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Top Gear (U.S. Version) 

How is it that the British do everything better?

click to enlarge Lacking stiff upper lips, among other things
  • Lacking stiff upper lips, among other things

Maybe it’s the accent. Maybe that’s why we give British television so much love.

Say something in a posh British accent, and automatically it’s witty and intellectual; say it in a northern British accent and it’s automatically wry and cheeky. That’s linguistics.

We Americans have long been insecure about how we stack up culturally to our monocle-clad, top-hatted brethren across the pond. Even a compliment for The Office is legally required to be followed by an “of course, the British Office is better, naturally” disclaimer.

So when the long-in-the-works American version of Top Gear was officially launched, there was a collective grimace.

The British Top Gear, after all, was an international sensation. The combination of snark, egos, sexy cars, bombastic music and ludicrous stunts —a 400-mile race to the North Magnetic Pole, a beach assault with the Royal Marines in a Ford Fiesta — was such a brilliant formula that there had already been spin-offs in Australia and Russia.

I’d love to be the iconoclast, saying the American Top Gear is as good, nay, better than the British version. But something is missing in this new show. It’s not the editing, cinematography, or music — it’s as fast-paced, showy and lyrical as the British one.

And the American gimmicks are just as sublimely loony. A Dodge Viper tries to outmaneuver a Cobra attack helicopter. The world’s best drifter — as in Fast and the Furious: Tokyo Drift — rides shotgun to a blind driver in a drifting competition.

The problem, ultimately, is the acting. In all likelihood, much of the dialogue on both shows is scripted. But the British hosts — especially Jeremy Clarkson — are so charming and charismatic that it’s not noticeable. The American hosts, so far, seem uncomfortable. The Brits are smooth-giddy, the Americans nervous-giddy.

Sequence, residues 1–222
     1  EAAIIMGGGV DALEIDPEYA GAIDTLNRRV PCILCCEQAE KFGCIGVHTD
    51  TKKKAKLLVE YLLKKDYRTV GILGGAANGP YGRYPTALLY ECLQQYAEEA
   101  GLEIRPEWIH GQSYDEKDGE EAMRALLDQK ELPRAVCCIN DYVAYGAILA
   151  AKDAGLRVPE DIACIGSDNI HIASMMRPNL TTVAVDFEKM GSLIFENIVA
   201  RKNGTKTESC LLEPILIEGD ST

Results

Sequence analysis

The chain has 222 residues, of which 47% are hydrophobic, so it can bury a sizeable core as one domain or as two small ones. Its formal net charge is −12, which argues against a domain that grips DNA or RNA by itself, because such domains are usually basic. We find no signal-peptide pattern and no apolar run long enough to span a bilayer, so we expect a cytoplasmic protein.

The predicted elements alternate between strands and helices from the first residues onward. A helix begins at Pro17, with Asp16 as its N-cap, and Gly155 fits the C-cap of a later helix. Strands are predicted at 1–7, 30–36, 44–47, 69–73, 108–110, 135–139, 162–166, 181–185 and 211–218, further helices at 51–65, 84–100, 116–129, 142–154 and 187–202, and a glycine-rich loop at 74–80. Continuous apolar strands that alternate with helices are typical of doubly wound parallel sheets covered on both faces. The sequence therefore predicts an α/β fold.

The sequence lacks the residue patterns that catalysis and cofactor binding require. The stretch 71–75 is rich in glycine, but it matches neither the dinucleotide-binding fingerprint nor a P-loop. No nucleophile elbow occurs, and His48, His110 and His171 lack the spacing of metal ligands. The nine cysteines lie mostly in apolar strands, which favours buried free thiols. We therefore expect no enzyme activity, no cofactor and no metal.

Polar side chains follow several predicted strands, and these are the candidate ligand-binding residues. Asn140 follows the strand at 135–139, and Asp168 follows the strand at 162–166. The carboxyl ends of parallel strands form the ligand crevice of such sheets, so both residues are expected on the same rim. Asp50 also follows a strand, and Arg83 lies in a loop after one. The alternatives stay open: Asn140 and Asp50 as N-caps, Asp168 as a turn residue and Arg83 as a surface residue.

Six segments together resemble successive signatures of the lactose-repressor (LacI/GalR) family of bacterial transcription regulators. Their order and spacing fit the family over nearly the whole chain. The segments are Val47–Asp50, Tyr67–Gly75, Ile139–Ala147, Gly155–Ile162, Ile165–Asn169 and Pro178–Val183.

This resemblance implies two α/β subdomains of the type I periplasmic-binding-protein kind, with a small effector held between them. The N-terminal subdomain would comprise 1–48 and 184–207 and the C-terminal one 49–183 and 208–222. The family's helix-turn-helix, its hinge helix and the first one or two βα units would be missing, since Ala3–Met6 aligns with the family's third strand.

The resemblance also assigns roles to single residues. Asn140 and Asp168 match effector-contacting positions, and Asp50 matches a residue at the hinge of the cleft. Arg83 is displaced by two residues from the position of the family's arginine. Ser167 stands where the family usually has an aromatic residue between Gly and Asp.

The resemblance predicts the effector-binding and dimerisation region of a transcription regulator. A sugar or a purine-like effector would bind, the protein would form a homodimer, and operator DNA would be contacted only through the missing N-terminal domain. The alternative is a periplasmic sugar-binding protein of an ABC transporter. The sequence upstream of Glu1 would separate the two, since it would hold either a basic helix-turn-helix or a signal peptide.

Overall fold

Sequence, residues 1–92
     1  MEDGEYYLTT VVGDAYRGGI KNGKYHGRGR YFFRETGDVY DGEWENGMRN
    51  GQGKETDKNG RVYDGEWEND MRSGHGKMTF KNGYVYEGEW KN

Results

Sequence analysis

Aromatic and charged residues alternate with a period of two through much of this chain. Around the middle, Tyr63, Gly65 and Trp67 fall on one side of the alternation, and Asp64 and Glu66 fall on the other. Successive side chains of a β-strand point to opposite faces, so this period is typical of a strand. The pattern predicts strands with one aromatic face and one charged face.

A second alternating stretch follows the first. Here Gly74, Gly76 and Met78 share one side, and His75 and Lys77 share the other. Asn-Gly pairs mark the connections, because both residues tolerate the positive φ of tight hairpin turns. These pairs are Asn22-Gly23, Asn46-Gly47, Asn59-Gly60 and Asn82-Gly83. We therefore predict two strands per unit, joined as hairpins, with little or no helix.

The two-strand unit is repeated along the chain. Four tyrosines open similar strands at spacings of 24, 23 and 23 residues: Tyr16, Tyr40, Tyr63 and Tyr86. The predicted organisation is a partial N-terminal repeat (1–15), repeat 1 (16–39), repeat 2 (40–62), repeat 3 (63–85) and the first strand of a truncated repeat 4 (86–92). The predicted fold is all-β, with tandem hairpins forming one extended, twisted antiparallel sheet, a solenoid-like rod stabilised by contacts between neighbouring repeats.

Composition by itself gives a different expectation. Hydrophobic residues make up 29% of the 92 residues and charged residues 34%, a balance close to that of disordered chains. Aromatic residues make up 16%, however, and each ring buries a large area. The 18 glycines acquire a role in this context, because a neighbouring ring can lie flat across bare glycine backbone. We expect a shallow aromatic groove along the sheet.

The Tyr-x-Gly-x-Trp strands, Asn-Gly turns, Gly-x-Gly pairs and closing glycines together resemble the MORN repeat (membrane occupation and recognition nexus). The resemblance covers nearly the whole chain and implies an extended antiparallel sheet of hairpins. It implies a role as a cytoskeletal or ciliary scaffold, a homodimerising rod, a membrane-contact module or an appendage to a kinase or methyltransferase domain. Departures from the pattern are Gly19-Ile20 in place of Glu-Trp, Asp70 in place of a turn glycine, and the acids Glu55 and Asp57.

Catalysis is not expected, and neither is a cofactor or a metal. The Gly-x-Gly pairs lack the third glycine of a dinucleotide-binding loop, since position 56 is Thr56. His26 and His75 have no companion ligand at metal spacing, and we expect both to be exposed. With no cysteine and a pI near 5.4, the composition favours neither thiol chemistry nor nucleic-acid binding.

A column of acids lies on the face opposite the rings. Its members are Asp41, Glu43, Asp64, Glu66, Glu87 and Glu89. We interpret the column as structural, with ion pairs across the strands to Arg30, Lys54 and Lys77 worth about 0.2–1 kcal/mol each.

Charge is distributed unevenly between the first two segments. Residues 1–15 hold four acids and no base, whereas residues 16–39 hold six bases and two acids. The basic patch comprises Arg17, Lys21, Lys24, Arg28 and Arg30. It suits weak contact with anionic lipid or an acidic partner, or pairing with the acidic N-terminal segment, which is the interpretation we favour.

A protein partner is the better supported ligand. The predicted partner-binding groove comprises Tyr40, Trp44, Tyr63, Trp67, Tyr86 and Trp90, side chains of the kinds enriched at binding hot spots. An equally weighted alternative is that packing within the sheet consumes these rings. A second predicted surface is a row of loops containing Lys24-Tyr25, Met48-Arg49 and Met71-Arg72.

Put it this way: Both literally and metaphorically, the Brits dress in suit jackets, while the Americans dress in denim and flannel.

For now, Top Gear is decent middle-of-the-pack documentary-stunt television, worth slotting in the American cable hierarchy between Mythbusters and Junkyard Wars.

The hosts are what’s holding it back. They could start, perhaps, by hiring an accent coach.

Top Gear (U.S. version) (History, Sundays, 10 pm)


Glory Daze
Undeclared captured the spirit of freshman dorm life; Greek, the camaraderie of a fraternity; Community, the glorious insanity of going overboard on college assignments and hijiinks; and Blue Mountain State, the high school senior football player’s Four Loko-blackout fantasy of what college is like. Glory Daze is a unique take on the college experience only in that it takes place in the ‘80s. So, less Facebook drama, more tangled cassette tapes. (TBS, Tuesdays, 10 pm)

Get Out Alive
Escaping life-or-death scenarios is the sort of thing we love to think about while awake at night, walking through exactly when we’d disarm the hijacker. But when it actually happens, with adrenaline coursing through your veins and urine coursing through your pants, it’s another thing entirely. This documentary series interweaves dramatic reenactments with interviews with people who narrowly escaped death. (Discovery, Saturdays, 10 pm)

The Hasselhoffs
In the future, Andy Warhol once said, every kitschy D-list celebrity will get his or her own long-running train wreck of a reality television show. Now that we, as viewers, can watch the high jinks of Baywatch beauty David Hasselhoff’s family, we know how prescient Warhol was. Clearly, a visionary. (Hasselhoff, I mean.) (A&E, Sundays, 10 pm)

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